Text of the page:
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How fault-injection attacks threaten applications

Fault-injection attacks have been a consistent cause for concern. Enabling malicious access into a network or computer system, they often go virtually unnoticed. In this tip, security expert Joel Dubin describes how various types of fault-injection attacks work, and offers advice for keeping applications safe.

Fault-injection attacks have been around as long as the Web itself. They allow malicious access into a network or computer system through a Web application. With the explosive growth of applications, and as more applications are migrated to the Web, injection attacks have become a growing concern. In this piece, we'll review what fault-injection attacks do, different varieties of such attacks and some development best practices to ensure your financial organization's systems aren't victimized.

Some fault injections are script-based, using languages like JavaScript and PHP. With new Web 2.0 technologies relying on scripting languages, injection attacks have become more frequent and more sophisticated. The range of Web 2.0 technologies includes XML, RSS and AJAX, all of which can hide malicious injection code.

Because injection attacks come wrapped with Web applications in the form of embedded malicious code, they aren't intrusive like traditional network attacks, and they fly unnoticed under the radar of traditional IDS and IPS systems. This adds a degree of complexity to the detection process.

Types of fault-injection attacks
There are two types of injection attacks according to the Open Web Application Security Project (OWASP), which educates developers on secure Web coding practices. Injection flaws and cross-site scripting (XSS) are among OWASP's top 10 vulnerabilities. Both involve insertion of malicious code into a Web application, usually through a Web browser.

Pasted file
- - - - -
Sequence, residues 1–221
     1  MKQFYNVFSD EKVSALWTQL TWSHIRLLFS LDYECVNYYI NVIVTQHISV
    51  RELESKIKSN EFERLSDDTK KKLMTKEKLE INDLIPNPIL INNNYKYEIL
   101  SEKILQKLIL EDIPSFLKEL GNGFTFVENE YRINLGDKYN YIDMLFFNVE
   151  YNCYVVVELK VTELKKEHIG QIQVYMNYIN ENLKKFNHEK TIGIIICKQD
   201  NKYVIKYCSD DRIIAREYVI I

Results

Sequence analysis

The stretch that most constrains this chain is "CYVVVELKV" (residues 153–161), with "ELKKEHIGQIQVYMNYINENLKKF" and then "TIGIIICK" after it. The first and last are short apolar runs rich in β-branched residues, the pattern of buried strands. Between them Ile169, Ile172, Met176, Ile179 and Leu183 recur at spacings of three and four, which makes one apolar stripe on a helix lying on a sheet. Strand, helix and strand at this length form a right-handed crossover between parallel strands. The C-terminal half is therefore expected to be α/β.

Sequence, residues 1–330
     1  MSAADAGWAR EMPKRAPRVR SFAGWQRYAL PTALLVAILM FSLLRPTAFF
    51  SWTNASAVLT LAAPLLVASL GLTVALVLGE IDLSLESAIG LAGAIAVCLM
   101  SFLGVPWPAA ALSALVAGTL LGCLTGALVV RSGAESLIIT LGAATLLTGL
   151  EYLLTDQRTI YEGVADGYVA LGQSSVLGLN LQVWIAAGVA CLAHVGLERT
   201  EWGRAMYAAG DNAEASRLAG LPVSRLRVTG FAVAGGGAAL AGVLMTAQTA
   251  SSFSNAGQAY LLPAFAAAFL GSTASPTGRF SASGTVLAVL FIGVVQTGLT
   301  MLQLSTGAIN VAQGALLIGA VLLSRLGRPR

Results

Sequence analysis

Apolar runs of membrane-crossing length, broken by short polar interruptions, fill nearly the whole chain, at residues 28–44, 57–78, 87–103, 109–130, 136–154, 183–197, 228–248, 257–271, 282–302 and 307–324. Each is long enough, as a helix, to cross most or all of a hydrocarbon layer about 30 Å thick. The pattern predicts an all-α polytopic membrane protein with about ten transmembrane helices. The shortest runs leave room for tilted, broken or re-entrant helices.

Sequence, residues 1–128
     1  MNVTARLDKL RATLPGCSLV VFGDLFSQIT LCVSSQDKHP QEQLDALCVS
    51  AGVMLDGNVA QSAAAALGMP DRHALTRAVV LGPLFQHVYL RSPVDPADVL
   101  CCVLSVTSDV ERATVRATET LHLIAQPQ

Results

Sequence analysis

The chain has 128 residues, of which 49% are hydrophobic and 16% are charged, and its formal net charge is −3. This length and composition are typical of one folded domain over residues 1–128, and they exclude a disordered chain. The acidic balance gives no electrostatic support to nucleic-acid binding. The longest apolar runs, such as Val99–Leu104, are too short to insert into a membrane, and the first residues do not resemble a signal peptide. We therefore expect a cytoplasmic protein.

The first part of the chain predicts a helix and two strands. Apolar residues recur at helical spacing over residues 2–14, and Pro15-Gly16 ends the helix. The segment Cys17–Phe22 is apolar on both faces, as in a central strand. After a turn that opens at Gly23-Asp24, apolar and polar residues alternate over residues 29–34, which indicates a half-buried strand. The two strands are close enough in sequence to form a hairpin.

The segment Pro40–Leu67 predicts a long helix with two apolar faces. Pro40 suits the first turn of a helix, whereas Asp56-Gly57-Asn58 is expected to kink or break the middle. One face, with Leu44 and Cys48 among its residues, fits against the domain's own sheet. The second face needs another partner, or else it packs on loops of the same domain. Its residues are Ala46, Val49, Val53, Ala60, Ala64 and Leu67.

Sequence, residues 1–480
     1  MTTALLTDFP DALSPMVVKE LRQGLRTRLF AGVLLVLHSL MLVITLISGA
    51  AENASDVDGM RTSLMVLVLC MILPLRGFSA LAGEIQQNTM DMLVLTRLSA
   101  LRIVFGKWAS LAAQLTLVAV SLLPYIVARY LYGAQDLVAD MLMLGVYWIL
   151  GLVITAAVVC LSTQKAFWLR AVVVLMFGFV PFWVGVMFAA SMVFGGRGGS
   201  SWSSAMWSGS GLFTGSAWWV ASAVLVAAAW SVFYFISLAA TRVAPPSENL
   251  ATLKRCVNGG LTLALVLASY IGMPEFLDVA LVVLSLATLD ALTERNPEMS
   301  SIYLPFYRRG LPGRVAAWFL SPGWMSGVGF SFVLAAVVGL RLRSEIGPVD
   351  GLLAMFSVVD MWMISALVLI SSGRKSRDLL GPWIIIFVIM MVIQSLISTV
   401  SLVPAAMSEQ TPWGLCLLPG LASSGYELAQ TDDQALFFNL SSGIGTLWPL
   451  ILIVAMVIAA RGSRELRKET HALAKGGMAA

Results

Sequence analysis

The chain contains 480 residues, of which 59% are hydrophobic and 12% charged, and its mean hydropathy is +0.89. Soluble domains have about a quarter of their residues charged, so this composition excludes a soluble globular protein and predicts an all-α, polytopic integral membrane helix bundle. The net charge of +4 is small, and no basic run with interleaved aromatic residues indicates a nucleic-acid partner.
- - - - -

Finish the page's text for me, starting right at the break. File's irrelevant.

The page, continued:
The most common and most vicious attack of the two OWASP categories is XSS. This is usually done with JavaScript but can also be any other scripting language. XSS can enable malicious access into a computer system by stealing authentication credentials from a legitimate user of a Web application.

Of the other OWASP category, injection flaws, SQL injection is by far the most common. SQL injection involves inserting SQL commands into a Web browser form field to kick off malicious access to the database running the Web application. Unlike XSS, SQL injection tries to get at an application's underlying data, rather than trying to steal user IDs and passwords.

Fault-injection defense
There are two main defensive approaches against injection attacks. One is safe coding and project management practices, as advocated by OWASP, and the other is a more hardware-based strategy with application-level firewalls.

The first basic rule of coding to prevent injection attacks is to filter all input to the Web application. That includes anything submitted from a Web page through a form, a hidden field or even attached to a URL. The culprits are common non-alphanumeric characters, like "!", "#", "<" and ">", which can kick off back-end processes on Web or application servers and allow unauthorized access.